On the beautiful German North Sea Coast, in the municipality of Stadland, sits Maltbarn. If you’re curious about the landscape, then check out the labels on the bottles (all available on the website, here). Sheep in the snow? Check. Waves crashing, autumn leaves and field under a night sky? Check, check and check. Squirrel foraging for nuts? You better believe it. Remote, unspoiled, idyllic—the perfect place to rebel (so to speak) against traditional independent bottlings.
Maltbarn is a family-run business that started with a move onto a farm with a “very big barn attached to it” (hence the name – the simplicity belies the marketing machine that churns perfect brands, catchphrases and other propaganda for other distilleries and bottlers). The family went hunting for casks and soon after, a dream was realised. If only it was that easy, right?
It’s been said that “man serves the interest of no creature except himself”. With Maltbarn, this appears not to be the case, as the bottles produced are the product of the purest passion for that liquid gold that we call whisky, which is to be commended. These smaller independent bottlers must have that drive to source casks since they lack the reach and buying power of the bigger, more recognised enterprises. Some see the rise of these upstarts as an indication of the demand for change, and a challenge to the established whisky world order. I just think people really want to bottle some great whisky and are ready to wade through the muck to get there. That also means that my quick summary will likely not do justice to the effort that the Maltbarn team put into searching out the casks they use for their bottlings.
All of this should only emphasise to you the dedication involved in putting out bottlings on a consistent basis. It’s no easy task, especially while simultaneously running a farm. Keeping everything running smoothly is a massive effort, and don’t get me started on the other threats… What if the pigs revolt? They could start planting barley and go into the whisky business for themselves. You laugh, but it’s been discussed.
True to the cause, Maltbarn bottlings are produced in very small quantities and you would be hard-pressed to find these readily available, unless you know where to look (and the WhiskyBase online shop is a good start – see below). The 2006 12-year-old Aberlour and 2004 14-year-old Caol Ila, both ex-sherry casks, had an outturn of 155 and 149 bottles, respectively, so I was pretty lucky to be able to try some. Drams were purchased by yours truly in the comfort of a bar in London while plotting my next move—likely, what to have for dinner.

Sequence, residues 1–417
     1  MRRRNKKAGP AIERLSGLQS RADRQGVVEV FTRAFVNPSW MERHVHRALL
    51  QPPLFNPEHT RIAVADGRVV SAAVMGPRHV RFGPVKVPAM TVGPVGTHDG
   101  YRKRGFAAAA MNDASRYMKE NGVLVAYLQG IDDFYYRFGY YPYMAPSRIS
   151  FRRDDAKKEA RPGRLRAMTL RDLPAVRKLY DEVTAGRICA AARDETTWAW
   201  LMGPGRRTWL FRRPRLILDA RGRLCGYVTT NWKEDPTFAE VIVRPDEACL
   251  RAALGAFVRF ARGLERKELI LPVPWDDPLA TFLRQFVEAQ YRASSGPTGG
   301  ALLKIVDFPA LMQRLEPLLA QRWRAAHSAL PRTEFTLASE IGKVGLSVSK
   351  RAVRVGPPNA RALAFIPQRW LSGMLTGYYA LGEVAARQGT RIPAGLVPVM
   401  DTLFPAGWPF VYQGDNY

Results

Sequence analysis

Aberlour 12-year-old – review
Colour: Honeyed mead
On the nose: Very light and sweet. Soft caramel and demerara sugar. A touch of smoke and cooked apple. However, the pervading element is the spirit, which overpowers the nose and detracts from the balance.
In the mouth: The spirit and light smoke first attract my attention. Some pears over a wood fire. Very dry and quite bitter. The texture and flavour are lacking, which leaves a lot to be desired—it is all rather empty. The finish is very short, but the lack of a cask influence might be a very real contributing factor.
Caol Ila 14-year-old – review
Colour: Sunflower oil
On the nose: This has much more presence – the tobacco smoke is very clear. Musty leather furniture. Light seaweed and the smell of the harbour. There are also medicinal aromas as it breathes. This is like walking through an antique shop off the boardwalk with a grandparent.
In the mouth: Gentler in the mouth than expected. A nice texture with some more brine, but the seaweed is the forward note rather than the saltwater. A hint of sherry with some dry fruit. A medium and oaky finish. The medicinal aromas follow through as well, with a flavour of plasters or closing up an envelope.
Given the multitude of opinions we deal with on a daily basis, it is clear that, for most us, all whiskies are equal, but some whiskies are more equal than others. How we got to this place and whether you agree with the mantra is fodder for a whole other article, but it should provide enough motivation for you to go out and try some of these (and more) for yourself.
There is a lot to love about Maltbarn and you could get behind what they’re doing. For me, these were some ways off what I expected of a typical Aberlour and Caol Ila; a great thing, in that I saw another side of the character of each distillery. Unfortunately, what the other side yielded was not particularly exciting.
I could not get over that empty feeling throughout tasting the Aberlour. Not to say I was expecting heaven and earth to move when I drank this, but I needed something more at every level. The lingering disappointment that followed the briefest moment of pleasure puts this in the very middle of the field. The Caol Ila had a bit more to it, some classic notes that hit me right away. There was of course a nice smoky element in the nose and taste. But it was the unexpected bit of extra complexity in the fruitiness and softness that meant this stuck with me a bit more.
So, the most breath-taking whiskies I have ever consumed? These were not. They are just another experience I have the pleasure of sharing with you, the readers of Malt. Yes, I would be disappointed, had I bought a bottle. Yet I will keep exploring until they tell me, “no animal shall drink alcohol”. Or was that just “no animal shall drink alcohol to excess”, Muriel?